Nature's whims, lack of crop insurance dash farmers' dreams of a better morrow
DECCAN CHRONICLE | G. Ram Mohan
Hyderabad: The state government's much-touted election slogan is "Ab ki baar kisan Sarkar", but the reality of the situation of state farmers is quite different, especially after unseasonal rains, hailstorms, and gusty winds have wreaked havoc on their lives, pushing them into deep trouble, and a lack of crop insurance scheme has made matters worse.
A group of farmers who attended a round-table conference, 'Natural disasters, crop loss, and need for crop insurance,’ held in the city depicts the anguish of farmers whose hopes of reaping a bumper crop were shattered by unseasonal rains and subsequently fleeced by money lenders.
K. Ramulu, a farmer from Chinchughar in Adilabad Rural mandal, revealed that five acres of his 19-acre agricultural land had witnessed soil erosion in recent years. The erosion was caused by a check dam that flooded due to severe rains. "I suffered a loss of Rs 35,000 per acre of cotton crop. I borrowed Rs 1,50,000 from money lenders. Complaints to the agriculture department officials have so far had no results," Ramulu remarked.
Ramulu is not alone; several other farmers' stories paint a bleak picture with little or no assistance from the agriculture department. M. Peerayya, a farmer from Vanchanagiri village in Geesukonda mandal, informed this correspondent that the heavy rains and hailstorms in March devastated his maize harvest, which had been cultivated on more than seven acres of land.
"I lost a maize crop grown on seven acres of land. The investment per acre is Rs 30,000, and after deducting the Rs 35,000 I received through the Rythu Bandhu scheme, I lost Rs 1.75 lakh. CM KCR garu visited Rangapur village in Duggondi mandal and promised to provide Rs 10,000 per acre compensation, but we have yet to receive a single rupee. Local agriculture authorities came to our village and stated they had informed higher officials," said Peerayya.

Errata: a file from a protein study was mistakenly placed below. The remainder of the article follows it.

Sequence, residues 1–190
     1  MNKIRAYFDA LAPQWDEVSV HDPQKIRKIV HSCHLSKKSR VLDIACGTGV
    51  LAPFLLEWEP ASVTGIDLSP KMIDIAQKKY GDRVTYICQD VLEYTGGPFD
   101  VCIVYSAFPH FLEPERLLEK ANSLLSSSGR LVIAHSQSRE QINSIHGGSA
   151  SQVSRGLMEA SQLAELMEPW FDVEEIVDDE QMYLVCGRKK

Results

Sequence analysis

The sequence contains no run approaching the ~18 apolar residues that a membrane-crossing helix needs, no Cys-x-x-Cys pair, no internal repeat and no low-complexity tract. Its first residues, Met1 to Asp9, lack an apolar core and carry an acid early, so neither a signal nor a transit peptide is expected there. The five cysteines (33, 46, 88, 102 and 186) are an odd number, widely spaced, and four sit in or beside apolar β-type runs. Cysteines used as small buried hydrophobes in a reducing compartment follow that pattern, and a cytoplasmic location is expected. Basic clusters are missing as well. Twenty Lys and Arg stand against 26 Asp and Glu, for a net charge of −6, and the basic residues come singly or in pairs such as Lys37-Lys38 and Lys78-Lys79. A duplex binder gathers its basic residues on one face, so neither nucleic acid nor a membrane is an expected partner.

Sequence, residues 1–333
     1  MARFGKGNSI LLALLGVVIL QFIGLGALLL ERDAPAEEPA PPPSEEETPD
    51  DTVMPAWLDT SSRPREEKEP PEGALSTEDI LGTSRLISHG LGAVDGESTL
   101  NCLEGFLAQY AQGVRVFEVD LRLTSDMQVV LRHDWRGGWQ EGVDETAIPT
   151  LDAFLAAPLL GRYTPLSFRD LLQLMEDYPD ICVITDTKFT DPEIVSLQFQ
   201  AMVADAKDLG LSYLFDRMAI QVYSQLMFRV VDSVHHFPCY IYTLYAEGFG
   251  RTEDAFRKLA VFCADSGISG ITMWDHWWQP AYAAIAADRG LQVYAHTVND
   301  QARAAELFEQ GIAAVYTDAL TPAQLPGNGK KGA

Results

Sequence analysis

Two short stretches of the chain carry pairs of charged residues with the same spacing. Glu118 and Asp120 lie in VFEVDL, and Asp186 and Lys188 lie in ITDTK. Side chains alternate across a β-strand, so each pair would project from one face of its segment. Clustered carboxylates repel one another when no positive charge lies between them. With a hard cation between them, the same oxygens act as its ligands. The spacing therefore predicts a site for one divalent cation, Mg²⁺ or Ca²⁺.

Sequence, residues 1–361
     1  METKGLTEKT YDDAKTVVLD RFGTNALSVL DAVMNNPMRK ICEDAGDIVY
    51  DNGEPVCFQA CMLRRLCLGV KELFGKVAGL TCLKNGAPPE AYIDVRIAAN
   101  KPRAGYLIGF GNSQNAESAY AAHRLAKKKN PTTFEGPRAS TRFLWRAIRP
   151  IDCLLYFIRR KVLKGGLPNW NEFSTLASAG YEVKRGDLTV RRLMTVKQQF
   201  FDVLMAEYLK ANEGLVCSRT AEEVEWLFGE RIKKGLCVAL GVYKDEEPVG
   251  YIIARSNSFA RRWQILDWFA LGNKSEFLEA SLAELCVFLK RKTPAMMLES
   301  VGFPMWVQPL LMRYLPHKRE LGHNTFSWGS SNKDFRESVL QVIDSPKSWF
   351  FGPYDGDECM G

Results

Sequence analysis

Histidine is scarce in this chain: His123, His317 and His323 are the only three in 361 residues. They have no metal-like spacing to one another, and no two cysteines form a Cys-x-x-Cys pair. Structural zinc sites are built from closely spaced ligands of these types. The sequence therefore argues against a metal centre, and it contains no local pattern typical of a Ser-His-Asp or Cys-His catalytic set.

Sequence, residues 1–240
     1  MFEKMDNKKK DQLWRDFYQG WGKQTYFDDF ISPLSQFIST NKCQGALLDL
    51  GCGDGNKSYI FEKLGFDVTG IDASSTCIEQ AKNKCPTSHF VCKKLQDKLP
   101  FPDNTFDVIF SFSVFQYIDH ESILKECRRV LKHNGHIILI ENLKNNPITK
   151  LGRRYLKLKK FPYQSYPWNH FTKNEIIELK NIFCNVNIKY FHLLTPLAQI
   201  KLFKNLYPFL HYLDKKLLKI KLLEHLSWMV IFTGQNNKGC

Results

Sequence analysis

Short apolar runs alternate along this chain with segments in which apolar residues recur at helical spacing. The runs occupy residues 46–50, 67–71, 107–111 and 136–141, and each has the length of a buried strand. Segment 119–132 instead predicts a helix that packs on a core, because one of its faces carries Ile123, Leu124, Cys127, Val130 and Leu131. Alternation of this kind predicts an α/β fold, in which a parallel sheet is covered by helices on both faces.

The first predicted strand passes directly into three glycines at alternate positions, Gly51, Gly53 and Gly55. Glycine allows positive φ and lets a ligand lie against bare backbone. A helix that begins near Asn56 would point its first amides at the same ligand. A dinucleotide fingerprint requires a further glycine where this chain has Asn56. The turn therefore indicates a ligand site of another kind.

Telangana is the only state without a crop insurance policy, whereas Andhra Pradesh, West Bengal, Gujarat, and Jharkhand have their own insurance schemes after exiting the centrally sponsored schemes. The state government claimed that the PMFBY (Pradhan Mantri Fasal Bima Yojana) and WBCIS (Weather Based Crop Insurance Scheme) have shortcomings whereas farmers claim that the schemes were not properly implemented by the State government and that it is not entirely true that the schemes did not benefit farmers at all.
Between 2016 and 2020, the state government paid Rs 849 crore and farmers paid Rs 681 crore for these insurance schemes. They total Rs 1,530 crore, significantly more than the Rs 1,817 crore farmers received over the four-year period.
According to farm activists, by opting out of the insurance schemes, the state has lost an opportunity to leverage central support. The challenges caused by a lack of crop insurance have been becoming more apparent in the last three years as climate change and the vagaries of the monsoon have made crop insurance and disaster relief schemes essential for farmers and the sustainability of agriculture itself.
Farmers like K. Lakshman, from Yapalaguda in Adilabad Rural mandal, who has four acres, together with 13 others moved the High Court against the state government for losses they sustained in July 2022, but to no avail. "The local agriculture officials had visited our fields then after we approached our sarpanch for some remedy to the losses, but they said they are helpless as they don't have any orders from the government," farmer Lakshman remarked with anguish. After the court issued orders to verify the losses, the State government in its affidavit denied crop losses but admitted that there has been soil erosion, which a farmer's volunteer questioned.
With no support from the state government in sight and no crop insurance scheme, the farmers are trapped in the relentless grip of money leaders, their fate sealed in the ever-changing climate, their crops lost to the whims of nature.